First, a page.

The Battle of Jutland was the largest naval encounter of the First World War, pitting the British Grand Fleet against the German High Seas Fleet. It took place 31 May – 1 June, 1916, about 60 miles off the coast of Jutland (part of Denmark).

In the years prior to war in 1914, Germany had built up a powerful navy to challenge British supremacy. The First World War witnessed a series of naval battles, at Coronel and the Falkland Islands in 1914, and Dogger Bank in 1915. But Jutland was, for both sides, to be the decisive clash.

1 Great Britain and Germany possessed the two most powerful fleets in the world at the time

In total, Britain’s Grand Fleet outnumbered Germany’s High Seas Fleet almost 2 to 1. So The battle of Jutland was the biggest naval battle in history up to that point. It was surpassed in scale by the Battle of Leyte Gulf during the Second World War. The Royal Navy outnumbered the German High Seas Fleet since in 1914. At the outbreak of war, Britain had 20 dreadnoughts in service, backed up by 9 battle-cruisers, while Germany had 14 and 4 respectively.

2 German naval strategy during First World War

In 1914 German naval strategy was defensive. German’s naval commanders knew that in a traditional battle like that at Trafalgar the odds would be stacked heavily against the High Seas Fleet. They opted for a strategy of chipping away at the Grand Fleet’s numerical superiority, utilising mines, submarines and raids.

After British Navy install a blockade of Germany, a change of command in 1916 led to a change of strategy for Germany. In 1916 command of the German High Seas Fleet passed from the conservative Admiral von Poul to the aggressive Reinhardt von Scheer. Scheer wanted the High Seas Fleet to pursue a more offensive strategy. In particular, he was determined that the British naval blockade of Germany, by now inflicting heavy damage on her war making capabilities, should be broken for good. Scheer planned to use a smaller force to lure a portion of the Grand Fleet into the path of the High Seas Fleet, where it would be destroyed. Reinhard Scheer wanted the German navy to pursue a more aggressive, offensive strategy. But the British know about this change and planned a trap for German forces.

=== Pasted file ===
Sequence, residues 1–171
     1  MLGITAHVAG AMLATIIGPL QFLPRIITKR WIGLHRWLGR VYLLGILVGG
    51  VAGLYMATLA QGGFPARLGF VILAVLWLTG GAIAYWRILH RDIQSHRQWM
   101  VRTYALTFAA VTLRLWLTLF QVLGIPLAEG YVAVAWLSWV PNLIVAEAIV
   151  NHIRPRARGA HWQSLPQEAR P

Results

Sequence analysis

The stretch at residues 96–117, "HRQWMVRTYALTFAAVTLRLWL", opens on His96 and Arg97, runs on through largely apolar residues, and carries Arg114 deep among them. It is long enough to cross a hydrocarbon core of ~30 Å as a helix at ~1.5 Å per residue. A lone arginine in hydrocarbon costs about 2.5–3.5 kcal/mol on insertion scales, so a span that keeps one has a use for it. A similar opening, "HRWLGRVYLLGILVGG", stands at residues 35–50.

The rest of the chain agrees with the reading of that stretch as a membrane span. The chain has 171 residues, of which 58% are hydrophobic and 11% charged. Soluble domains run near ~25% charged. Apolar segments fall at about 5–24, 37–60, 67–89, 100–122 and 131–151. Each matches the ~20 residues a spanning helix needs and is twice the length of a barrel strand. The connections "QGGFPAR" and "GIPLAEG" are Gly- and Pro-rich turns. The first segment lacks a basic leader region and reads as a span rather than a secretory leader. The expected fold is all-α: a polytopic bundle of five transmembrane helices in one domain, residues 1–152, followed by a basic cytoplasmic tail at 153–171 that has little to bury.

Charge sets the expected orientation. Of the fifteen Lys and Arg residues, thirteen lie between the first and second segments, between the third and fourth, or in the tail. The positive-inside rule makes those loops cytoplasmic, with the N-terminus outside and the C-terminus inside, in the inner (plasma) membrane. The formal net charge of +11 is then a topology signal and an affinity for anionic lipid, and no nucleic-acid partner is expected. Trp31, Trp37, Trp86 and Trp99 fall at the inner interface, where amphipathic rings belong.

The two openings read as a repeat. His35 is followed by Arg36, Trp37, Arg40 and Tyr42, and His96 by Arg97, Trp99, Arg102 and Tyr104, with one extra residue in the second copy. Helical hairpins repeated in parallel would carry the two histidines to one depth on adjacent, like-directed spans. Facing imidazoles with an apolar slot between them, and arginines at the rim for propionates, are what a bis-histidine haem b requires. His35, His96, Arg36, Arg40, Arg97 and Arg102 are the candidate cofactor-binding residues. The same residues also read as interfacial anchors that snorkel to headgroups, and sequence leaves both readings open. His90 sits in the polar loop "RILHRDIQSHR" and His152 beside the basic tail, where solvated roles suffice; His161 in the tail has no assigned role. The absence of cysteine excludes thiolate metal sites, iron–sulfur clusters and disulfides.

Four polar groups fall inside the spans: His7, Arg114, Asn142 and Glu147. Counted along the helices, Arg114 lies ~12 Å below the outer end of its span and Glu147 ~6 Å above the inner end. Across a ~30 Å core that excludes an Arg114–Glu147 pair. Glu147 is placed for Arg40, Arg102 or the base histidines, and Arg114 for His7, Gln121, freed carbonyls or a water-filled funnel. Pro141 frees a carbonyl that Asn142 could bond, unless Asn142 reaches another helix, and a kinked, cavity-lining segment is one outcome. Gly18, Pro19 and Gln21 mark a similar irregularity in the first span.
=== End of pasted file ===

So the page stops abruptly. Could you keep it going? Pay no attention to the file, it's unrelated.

3 The commanders

The Grand Fleet was under the command of Admiral Sir John Jellicoe
Jellicoe was a highly professional officer with a cautious approach. His deputy in command of the fast battlecruiser force was Admiral David Beatty, a more dashing and charismatic character.

The German force was commanded by Scheer and Vice Admiral Franz Hipper. Hipper was in command of the German battlecruisers, the force sent to lure Beatty into battle.

4 German and British battleship design emphasised different priorities

Battleship design is all about striking a balance between three main factors: speed, firepower and protection. Increasing the strength of one factor must come at the expense of the others if the size of the vessel is to remain within manageable limits.

German dreadnoughts mounted 11″ or 12″ calibre main guns, meaning that on paper they were out-matched by British dreadnoughts fitted with 12″, 13.5″ and 15″ guns. But the German ships were generally better protected, not only by thicker armour plating but also due to being better sub-divided internally, meaning any water taken on due to damage to the hull was better contained.

In essence, British battleships could hit harder but German ships could absorb more punishment and were difficult to sink.

5 The British possessed the most formidable battleships